Two views of First Central Baptist Church‘s sign.
“Oy, if he were a rich man, but not by selling heaven on eBay” tells the story of Ari Mandel, an Army veteran and student at New York University who decided to sell his place in heaven on eBay. Apparently, some people took his joke seriously and bid up to $100,000! Too bad they didn’t read the Scriptures first to discover that heaven is a free gift.
Ephesians 2:8–9 – For by grace you have been saved through faith. And this is not your own doing; it is the gift of God, not a result of works, so that no one may boast.
John 14:6 – Jesus said to him, “I am the way, and the truth, and the life. No one comes to the Father except through me.
Several passages in the New Testament (Romans 16:16; 1 Corinthians 16:20; 2 Corinthians 13:12; 1 Peter 5:14) instruct Christ followers to “greet one another.” How can churches implement this instruction in practical ways? How can we create an atmosphere of warmth and welcome?
I was recently introduced to the Circle of 10 and the Rule of 3. They are designed to create an environment where guests, newcomers, and seekers are comfortable, and where regular attenders and members are ministers of grace and hospitality.
Circle of 10: Greet anyone—guest, newcomer, regular attender, or member—who comes within ten feet of you. Make a special effort to greet the people you don’t already know within your Circle of 10.
Rule of 3: Try not to talk to other members for the first three minutes after the service. Talk only to those you don’t know and to people that you know are guests. It takes guests about three minutes to exit the church after worship so it’s important to make sure someone has made contact with them before they leave.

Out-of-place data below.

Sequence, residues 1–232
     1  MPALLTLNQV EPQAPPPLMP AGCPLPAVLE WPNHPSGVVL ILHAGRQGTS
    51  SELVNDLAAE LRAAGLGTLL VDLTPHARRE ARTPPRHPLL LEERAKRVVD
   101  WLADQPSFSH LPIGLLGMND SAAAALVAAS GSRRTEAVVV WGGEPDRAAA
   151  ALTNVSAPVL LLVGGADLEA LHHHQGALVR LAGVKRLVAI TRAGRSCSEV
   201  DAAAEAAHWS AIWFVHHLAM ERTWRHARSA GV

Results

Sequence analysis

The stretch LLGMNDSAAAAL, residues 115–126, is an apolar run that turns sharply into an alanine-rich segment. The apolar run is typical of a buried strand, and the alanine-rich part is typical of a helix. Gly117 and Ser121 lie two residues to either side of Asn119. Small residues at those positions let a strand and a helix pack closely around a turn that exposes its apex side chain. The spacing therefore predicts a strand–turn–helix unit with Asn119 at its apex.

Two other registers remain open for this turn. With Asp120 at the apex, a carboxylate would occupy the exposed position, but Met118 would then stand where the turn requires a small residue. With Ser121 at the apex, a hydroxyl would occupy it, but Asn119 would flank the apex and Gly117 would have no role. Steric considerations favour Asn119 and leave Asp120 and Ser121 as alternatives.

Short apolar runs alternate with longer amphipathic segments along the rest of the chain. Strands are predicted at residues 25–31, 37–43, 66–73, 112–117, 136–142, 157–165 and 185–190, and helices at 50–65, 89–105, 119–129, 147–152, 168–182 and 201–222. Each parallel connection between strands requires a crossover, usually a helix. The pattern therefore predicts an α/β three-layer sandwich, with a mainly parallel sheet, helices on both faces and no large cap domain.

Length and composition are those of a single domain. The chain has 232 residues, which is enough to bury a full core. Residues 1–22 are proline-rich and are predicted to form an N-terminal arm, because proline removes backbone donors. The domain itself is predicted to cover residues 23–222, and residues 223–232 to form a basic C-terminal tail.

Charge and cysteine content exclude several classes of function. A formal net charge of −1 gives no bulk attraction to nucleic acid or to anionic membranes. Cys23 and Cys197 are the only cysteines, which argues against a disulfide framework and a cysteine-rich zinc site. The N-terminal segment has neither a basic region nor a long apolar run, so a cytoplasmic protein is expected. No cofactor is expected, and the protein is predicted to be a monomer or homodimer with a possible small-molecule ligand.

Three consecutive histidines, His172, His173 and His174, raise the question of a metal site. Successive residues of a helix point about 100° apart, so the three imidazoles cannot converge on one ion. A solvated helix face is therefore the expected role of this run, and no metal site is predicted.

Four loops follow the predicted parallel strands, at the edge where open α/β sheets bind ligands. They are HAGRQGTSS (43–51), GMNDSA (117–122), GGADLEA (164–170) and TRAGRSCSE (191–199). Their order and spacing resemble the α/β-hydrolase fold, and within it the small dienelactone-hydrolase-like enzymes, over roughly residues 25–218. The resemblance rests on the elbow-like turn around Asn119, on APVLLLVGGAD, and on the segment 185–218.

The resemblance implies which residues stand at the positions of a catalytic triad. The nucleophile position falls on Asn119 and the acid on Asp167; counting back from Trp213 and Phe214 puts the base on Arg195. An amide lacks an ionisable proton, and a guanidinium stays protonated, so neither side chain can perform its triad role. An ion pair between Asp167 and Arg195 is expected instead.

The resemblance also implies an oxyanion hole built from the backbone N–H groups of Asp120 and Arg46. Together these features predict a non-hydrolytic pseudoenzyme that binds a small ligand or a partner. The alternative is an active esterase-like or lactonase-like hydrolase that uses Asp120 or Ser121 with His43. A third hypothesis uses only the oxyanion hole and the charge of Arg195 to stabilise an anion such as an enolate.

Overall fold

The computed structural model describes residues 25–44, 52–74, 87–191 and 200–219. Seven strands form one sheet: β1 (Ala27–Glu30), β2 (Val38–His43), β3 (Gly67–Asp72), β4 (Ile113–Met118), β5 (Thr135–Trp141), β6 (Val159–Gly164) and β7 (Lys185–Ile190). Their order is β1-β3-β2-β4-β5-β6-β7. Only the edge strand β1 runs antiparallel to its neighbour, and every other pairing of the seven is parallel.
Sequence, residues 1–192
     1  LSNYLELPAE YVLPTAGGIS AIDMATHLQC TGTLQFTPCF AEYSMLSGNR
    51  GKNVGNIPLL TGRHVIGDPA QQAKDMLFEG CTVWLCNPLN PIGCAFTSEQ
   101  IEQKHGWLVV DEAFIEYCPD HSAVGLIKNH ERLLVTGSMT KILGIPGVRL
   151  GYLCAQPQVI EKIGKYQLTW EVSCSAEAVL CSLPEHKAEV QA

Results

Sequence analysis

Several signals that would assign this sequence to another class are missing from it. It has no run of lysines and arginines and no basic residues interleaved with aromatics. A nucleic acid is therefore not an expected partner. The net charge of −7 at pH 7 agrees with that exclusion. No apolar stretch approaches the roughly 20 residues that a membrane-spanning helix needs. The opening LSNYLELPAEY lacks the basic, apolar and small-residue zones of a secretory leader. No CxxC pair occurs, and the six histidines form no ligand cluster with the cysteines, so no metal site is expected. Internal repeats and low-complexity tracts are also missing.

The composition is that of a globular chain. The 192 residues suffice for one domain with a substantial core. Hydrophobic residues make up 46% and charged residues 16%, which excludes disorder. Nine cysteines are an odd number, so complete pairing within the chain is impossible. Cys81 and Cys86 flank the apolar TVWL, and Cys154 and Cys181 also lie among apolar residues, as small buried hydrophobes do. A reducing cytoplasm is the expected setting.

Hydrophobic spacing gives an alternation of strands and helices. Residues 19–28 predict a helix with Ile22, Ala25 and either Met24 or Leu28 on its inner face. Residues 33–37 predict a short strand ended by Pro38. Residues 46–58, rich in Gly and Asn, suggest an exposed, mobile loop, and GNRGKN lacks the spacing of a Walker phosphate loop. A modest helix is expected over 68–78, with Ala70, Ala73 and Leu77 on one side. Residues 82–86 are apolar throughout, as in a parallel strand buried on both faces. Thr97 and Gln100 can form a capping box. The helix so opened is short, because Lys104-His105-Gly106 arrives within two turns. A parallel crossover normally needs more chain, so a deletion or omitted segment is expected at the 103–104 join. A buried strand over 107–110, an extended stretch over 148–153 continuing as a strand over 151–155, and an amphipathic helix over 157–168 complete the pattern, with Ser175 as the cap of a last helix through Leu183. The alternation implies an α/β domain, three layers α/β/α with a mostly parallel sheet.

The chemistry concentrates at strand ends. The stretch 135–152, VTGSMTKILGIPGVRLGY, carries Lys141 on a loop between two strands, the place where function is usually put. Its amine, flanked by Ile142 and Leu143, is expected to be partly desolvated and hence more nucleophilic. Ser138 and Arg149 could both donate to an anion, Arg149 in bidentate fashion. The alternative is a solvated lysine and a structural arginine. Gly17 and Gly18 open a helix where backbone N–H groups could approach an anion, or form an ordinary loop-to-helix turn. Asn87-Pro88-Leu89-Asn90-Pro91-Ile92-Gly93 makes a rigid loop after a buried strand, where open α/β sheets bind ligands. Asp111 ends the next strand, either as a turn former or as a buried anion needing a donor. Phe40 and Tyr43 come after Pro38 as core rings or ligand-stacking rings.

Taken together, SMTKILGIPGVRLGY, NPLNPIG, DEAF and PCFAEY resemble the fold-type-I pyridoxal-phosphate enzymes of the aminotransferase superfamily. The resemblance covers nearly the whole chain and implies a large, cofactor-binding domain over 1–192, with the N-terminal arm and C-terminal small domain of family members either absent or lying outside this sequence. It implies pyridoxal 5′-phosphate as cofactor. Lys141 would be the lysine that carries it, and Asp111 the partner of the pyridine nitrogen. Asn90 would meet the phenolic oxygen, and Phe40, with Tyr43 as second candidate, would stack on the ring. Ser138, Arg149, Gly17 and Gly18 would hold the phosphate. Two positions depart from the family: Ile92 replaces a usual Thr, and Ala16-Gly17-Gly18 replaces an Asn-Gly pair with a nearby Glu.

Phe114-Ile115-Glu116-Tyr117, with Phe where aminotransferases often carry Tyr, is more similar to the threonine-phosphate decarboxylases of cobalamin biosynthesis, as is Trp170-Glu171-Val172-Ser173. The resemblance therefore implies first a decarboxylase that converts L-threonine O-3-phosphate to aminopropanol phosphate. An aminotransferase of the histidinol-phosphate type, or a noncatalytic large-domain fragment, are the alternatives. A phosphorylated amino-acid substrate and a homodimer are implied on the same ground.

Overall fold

These guidelines were recently posted in several of our church-wide communication pieces. Hopefully, they will help us raise the temperature in our congregation.
I have been reading Tim Challies insightful book reviews for quite some time. He turned me on to some helpful books I wasn’t aware of and warned me of others I should steer clear of. He also identifies some humorous issues from time to time. Recently, he pointed out The Texas Bible, a plugin for Google Chrome that transforms “you” plural in the Bible to “y’all”. While some might think this is disrespectful, the author gives some sound academic and biblical reasons for why he did it.
Having lived in Dallas, TX, for four years and found y’all to be a helpful adaptation of the second person plural, this might be a useful tool. Since I will occasionally throw in “the Wheeler paraphrase” of a passage, I appreciated the humor and the smile it put on my face.
“Last inspection: The precise ritual for dressing the nation’s war dead” is a thought provoking article on how the Dover Port Authority prepares our nation’s war dead for burial. Those who give their lives in service to our country deserve great honor. Thank you to the folks at Dover Air Force Base who make sure they receive it.
I am not a runner. Runners are fast.
Runners are people like Usain Bolt of Jamaica who set the World Record for the 100 meters in 2009 in 9.58 seconds. Runners are people like Hicham el-Guerrouj of Morocco who set the World Record for the mile in 1999 in 3:43:13.